Libya fighting displaces tens of thousands

Three years after the fall of Muammar Qaddafi, Libya is struggling with instability as two rival governments compete for power and armed factions battle for control of territory.

TRIPOLI // Fighting in Libya’s eastern city of Benghazi and in the west of the country has displaced tens of thousands since the summer, the International Committee of the Red Cross (ICRC) said on Thursday.

Three years after the fall of Muammar Qaddafi, Libya is struggling with instability as two rival governments compete for power and armed factions battle for control of territory.

Tens of thousands of people have been forced to leave Benghazi, with more displaced inside, following violence between Islamist militias and forces who have sided with Libya’s internationally-recognised government in the east.

“Services at the main hospitals have been severely disrupted by the unsettled security conditions, the departure of foreign workers and the acute shortage of medical supplies,” said Antoine Grand, head of the ICRC’s delegation to Libya, who is based in Tunis.

Four hundred and fifty people have now been killed in fighting in Benghazi since troops led by former army general Khalifa Haftar launched an offensive against Islamists in the city. Mr Haftar’s forces, which are aligned to the internationally-recognised government of Prime Minister Abdullah Al Thinni, have been bombing the area for weeks.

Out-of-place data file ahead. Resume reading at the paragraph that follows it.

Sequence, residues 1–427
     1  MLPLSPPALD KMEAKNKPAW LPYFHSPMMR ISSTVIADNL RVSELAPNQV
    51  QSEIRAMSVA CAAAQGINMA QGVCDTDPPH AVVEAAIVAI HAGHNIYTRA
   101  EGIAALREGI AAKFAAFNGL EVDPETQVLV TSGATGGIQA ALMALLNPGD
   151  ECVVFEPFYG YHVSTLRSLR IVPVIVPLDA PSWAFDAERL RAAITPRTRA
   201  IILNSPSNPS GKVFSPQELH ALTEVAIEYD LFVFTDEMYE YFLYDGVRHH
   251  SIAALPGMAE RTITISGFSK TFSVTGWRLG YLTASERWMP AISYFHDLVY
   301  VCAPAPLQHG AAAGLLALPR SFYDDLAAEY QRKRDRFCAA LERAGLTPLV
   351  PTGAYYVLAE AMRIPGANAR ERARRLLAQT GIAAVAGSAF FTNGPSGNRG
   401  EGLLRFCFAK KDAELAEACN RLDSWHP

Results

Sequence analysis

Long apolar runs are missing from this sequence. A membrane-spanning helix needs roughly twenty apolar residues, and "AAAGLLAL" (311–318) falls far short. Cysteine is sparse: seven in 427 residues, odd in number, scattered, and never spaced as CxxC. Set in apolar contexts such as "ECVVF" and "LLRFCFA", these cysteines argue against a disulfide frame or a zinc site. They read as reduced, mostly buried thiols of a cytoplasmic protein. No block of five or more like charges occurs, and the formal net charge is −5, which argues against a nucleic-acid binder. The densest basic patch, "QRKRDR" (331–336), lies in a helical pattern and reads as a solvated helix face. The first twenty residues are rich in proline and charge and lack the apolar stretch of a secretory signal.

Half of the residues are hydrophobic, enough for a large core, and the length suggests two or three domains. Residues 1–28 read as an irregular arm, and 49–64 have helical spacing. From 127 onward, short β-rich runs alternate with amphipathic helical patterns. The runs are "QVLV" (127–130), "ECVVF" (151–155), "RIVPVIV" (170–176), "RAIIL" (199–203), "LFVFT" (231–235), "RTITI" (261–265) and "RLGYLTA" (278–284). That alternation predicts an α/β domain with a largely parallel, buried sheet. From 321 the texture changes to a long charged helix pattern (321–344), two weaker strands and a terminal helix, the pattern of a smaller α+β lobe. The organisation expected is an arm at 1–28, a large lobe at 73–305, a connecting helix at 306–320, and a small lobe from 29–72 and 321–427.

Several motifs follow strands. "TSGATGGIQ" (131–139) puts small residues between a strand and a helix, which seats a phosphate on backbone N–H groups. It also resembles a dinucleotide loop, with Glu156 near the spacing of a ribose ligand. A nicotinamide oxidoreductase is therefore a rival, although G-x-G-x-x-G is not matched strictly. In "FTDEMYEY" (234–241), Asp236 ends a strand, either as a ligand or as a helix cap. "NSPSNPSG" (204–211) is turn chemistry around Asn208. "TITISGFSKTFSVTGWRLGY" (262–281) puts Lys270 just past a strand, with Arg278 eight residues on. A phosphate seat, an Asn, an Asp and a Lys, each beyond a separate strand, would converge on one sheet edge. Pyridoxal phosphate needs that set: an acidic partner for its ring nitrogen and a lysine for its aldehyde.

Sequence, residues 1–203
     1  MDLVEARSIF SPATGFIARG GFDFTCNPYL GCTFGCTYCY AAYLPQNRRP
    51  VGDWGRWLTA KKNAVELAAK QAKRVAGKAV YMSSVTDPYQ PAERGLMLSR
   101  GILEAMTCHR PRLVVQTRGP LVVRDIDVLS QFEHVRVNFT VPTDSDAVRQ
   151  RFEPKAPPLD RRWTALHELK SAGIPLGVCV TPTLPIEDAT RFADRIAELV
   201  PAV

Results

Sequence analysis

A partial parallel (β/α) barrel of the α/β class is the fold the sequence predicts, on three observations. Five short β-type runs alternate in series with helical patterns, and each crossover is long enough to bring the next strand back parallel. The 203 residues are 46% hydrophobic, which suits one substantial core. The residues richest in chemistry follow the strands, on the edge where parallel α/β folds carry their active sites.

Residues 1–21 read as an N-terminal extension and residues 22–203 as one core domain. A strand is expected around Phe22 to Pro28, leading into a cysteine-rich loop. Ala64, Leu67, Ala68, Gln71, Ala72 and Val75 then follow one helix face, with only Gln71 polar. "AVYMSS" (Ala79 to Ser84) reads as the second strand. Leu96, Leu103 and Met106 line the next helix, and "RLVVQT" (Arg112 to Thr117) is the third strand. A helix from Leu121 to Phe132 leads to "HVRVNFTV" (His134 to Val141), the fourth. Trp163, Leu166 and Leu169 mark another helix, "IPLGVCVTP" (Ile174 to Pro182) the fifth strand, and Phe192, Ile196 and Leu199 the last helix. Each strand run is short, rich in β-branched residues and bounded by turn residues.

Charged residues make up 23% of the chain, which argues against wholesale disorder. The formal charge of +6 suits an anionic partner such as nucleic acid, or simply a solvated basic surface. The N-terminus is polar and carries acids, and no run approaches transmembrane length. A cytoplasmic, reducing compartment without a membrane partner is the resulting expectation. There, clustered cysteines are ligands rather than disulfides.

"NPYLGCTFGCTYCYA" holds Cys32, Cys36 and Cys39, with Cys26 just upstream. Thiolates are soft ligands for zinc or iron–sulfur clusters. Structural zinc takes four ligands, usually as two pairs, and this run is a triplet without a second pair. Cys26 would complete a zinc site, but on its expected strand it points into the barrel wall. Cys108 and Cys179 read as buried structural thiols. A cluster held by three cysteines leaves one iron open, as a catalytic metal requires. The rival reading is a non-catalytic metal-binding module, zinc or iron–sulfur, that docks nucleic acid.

Fighting to the south and west of the capital Tripoli, in the western part of Libya, and in Sabha and Ubari in the south, is also displacing residents.

Continuing violence has caused frequent fuel, power and water shortages, increased food prices and damaged infrastructure. The ICRC said deteriorating security has made it difficult for humanitarian organisations to reach victims.

Most foreign governments and international organisations pulled their staff and diplomats out of Libya over the summer when a group called Libya Dawn seized the capital and set up its own self-declared parliament and government.

The country’s elected House of Representatives and Mr Al Thinni’s government are now operating out of the east.

On Wednesday, Mr Al Thinni said his government’s forces were advancing on Tripoli from the west and would also seize the main border crossing to Tunisia.

“Our troops are moving towards Tripoli to liberate it,” he said, claiming that forces had seized a town west of the capital.

Mr Al Thinni’s forces, which are allied to a former general and tribesmen in the western city of Zintan, have previously launched air strikes on Tripoli.

UN special envoy Bernadino Leon said on Monday that he planned to launch a new round of peace talks next week, bringing together the rival governments for the first time.

* Reuters

Published: December 11, 2014 04:00 AM

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